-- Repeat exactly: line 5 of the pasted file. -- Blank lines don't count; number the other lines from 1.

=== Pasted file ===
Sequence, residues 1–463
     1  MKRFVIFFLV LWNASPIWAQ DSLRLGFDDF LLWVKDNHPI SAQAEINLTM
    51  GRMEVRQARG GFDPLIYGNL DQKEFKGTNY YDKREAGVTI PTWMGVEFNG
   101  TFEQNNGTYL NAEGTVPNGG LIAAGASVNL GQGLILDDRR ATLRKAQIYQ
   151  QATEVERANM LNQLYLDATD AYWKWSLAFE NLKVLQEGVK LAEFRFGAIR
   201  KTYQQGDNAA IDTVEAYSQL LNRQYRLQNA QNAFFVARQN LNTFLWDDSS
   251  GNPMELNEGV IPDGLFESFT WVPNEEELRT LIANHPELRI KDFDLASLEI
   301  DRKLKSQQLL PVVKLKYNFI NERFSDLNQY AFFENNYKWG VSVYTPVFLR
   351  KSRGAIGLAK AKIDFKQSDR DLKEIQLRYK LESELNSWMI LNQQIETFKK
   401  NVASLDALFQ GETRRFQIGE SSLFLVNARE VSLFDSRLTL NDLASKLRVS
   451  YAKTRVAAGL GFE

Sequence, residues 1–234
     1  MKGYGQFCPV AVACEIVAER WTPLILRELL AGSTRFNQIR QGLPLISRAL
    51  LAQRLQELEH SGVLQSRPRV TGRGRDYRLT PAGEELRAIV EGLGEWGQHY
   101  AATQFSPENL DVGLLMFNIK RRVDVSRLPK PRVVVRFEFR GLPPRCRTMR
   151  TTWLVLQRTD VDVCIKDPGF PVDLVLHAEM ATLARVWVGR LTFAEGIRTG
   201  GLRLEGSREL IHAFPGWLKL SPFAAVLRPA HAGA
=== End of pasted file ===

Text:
   151  QATEVERANM LNQLYLDATD AYWKWSLAFE NLKVLQEGVK LAEFRFGAIR